Will the US return samples from Mars to Earth

In the United States, there is a debate about the future mission, which should return to Earth samples from Mars, which are now being collected by the Perseverance rover. Their research is provided for by the already adopted program, but now it is threatened by a reduction in funding.

Samples from Mars would help determine if there was ever life on it. Source: phys.org

Does the United States have enough money for Mars?

The return of soil samples from Mars to Earth is one of the main priorities of NASA’s research program. It is believed that it can provide an answer to the age-old question of whether life once existed on the red planet. The Perseverance rover, manufactured by the Jet Propulsion Laboratory in Pasadena, California, is already collecting and preserving these materials. However, this ambitious program may fall victim to budget cuts.

Now the discussion of this issue is actively underway in the US budget. Interestingly, the split line is regional, not partisan. California lawmakers who support work on the Mars Sample Return program at the Pasadena complex are opposing supporters of the sprawling Goddard Space Flight Center in Maryland and Virginia. 

The mission to Mars also faced another problem: according to the analysis of experts, it will take longer than previously thought. NASA is preparing for the worst. Last week, the Jet Propulsion Laboratory announced massive layoffs — 8 percent of its workforce. The step follows NASA Administrator Bill Nelson’s indication that the agency should prepare to commit USD 300 million to the Mars project in fiscal year 2024, as proposed in the Senate bill on trade, justice and science spending. 

The future of the Mars Program is one of the important decisions facing U.S. lawmakers as they negotiate the final bill on trade, justice and science. This event has a deadline of March 8th.

How to deliver samples from Mars

Congress has already allocated USD 1.74 billion to the Mars exploration program, which the latest once-every-decade survey of planetary scientists called the highest priority of NASA’s robotic exploration. 

But the task of returning samples to Earth is really difficult. It assumes that the Perseverance rover will deliver materials to the landing site in the form of a bug the size of a garage. It will have rocket engines that will be able to put it into orbit. Next, they are supposed to get on board the orbital module, which will return them to Earth in 2033.

The program is one of the most challenging missions ever carried out by NASA. Within its framework, the first-ever launch of a spacecraft from another planet should be carried out, as well as the first docking in its orbit.

NASA’s independent review board published its report in September. Experts concluded in it that the program would cost between USD 8 billion and USD 11 billion, with “almost zero probability” of meeting the interim launch deadlines. That is, no one even knows approximately when any of the elements of the mission will be ready, and it is simply impossible to create some kind of schedule.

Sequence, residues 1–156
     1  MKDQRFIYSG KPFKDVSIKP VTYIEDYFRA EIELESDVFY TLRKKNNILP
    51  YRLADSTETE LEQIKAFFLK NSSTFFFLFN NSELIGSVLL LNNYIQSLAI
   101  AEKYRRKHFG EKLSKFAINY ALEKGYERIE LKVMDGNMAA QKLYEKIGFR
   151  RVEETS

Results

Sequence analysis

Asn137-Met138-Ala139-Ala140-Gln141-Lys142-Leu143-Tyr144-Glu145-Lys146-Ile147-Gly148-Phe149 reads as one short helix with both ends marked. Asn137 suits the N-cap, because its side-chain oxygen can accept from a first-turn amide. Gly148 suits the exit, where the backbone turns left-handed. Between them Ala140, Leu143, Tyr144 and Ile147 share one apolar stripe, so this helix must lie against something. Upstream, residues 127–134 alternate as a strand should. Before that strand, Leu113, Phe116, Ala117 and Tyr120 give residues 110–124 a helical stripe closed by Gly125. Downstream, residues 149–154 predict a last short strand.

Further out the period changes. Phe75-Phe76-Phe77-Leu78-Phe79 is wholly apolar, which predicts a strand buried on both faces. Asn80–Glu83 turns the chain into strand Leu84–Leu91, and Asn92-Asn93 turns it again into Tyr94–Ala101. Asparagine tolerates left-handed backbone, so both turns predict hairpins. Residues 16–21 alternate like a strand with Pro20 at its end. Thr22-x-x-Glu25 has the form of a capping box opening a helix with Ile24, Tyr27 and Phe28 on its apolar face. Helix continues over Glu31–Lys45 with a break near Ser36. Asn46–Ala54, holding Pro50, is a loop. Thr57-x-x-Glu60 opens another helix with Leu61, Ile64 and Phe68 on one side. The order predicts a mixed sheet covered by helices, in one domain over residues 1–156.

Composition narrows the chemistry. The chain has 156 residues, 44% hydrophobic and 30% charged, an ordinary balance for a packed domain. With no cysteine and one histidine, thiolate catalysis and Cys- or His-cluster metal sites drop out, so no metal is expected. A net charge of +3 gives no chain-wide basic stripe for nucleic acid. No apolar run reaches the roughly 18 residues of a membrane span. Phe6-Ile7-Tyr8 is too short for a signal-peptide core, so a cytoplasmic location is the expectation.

The agency is now “evaluating future program options” in connection with the current budget environment, Washington said. An internal assessment is currently underway, and recommendations will be provided at the end of March.

How much money will be allocated to bring samples from Mars?

The Mars Program and NASA as a whole are already facing budgetary pressures. Due to the spending restrictions in last year’s last year’s debt limit suspension law, the  Commerce-Justice-Science Bill for fiscal year 2024 will almost certainly face cuts compared to last year’s version. The bills of both chambers were included in the adopted budget level for fiscal year 2023 in the amount of USD 84.2 billion, with the Senate bill amounting to USD 83.5 billion and the House bill — USD 81.5 billion.

The White House sought a significant increase in NASA funding to USD 27.2 billion. But in the bill of the House of Representatives, NASA allocated only USD 25.4 billion, that is, in fact, everything remained at the level of 2023. The Senate, seeking to protect other funding priorities, would cut NASA’s budget even further, to USD 25 billion. 

Maryland and Virginia lawmakers are backing the Senate’s lower figure as they want to free up more money for projects benefiting Goddard, Greenbelt, Maryland-based company that operates the Wallops Flight Facility on Virginia’s east coast. 

What do the Senate think?

Initially, the senators in their bill on trade, justice and science ordered NASA to curtail the program if it turns out that it will not be able to reach the target of 5.3 billion dollars. However, at the July meeting of the committee, amendments were made to the initial draft of the committee’s report to provide an opportunity to shorten or rework the program instead of simply canceling it completely. If the US space agency decides to cancel the Mars mission, the Senate appropriations will direct most of the funding to an even more pressing need — the Artemis program.

If this happens, the lunar program will receive an additional USD 235 million. And that’s not bad, because it really is the most important thing NASA is doing right now. However, getting an answer to the question of life on Mars will have to be postponed indefinitely.

According to phys.org

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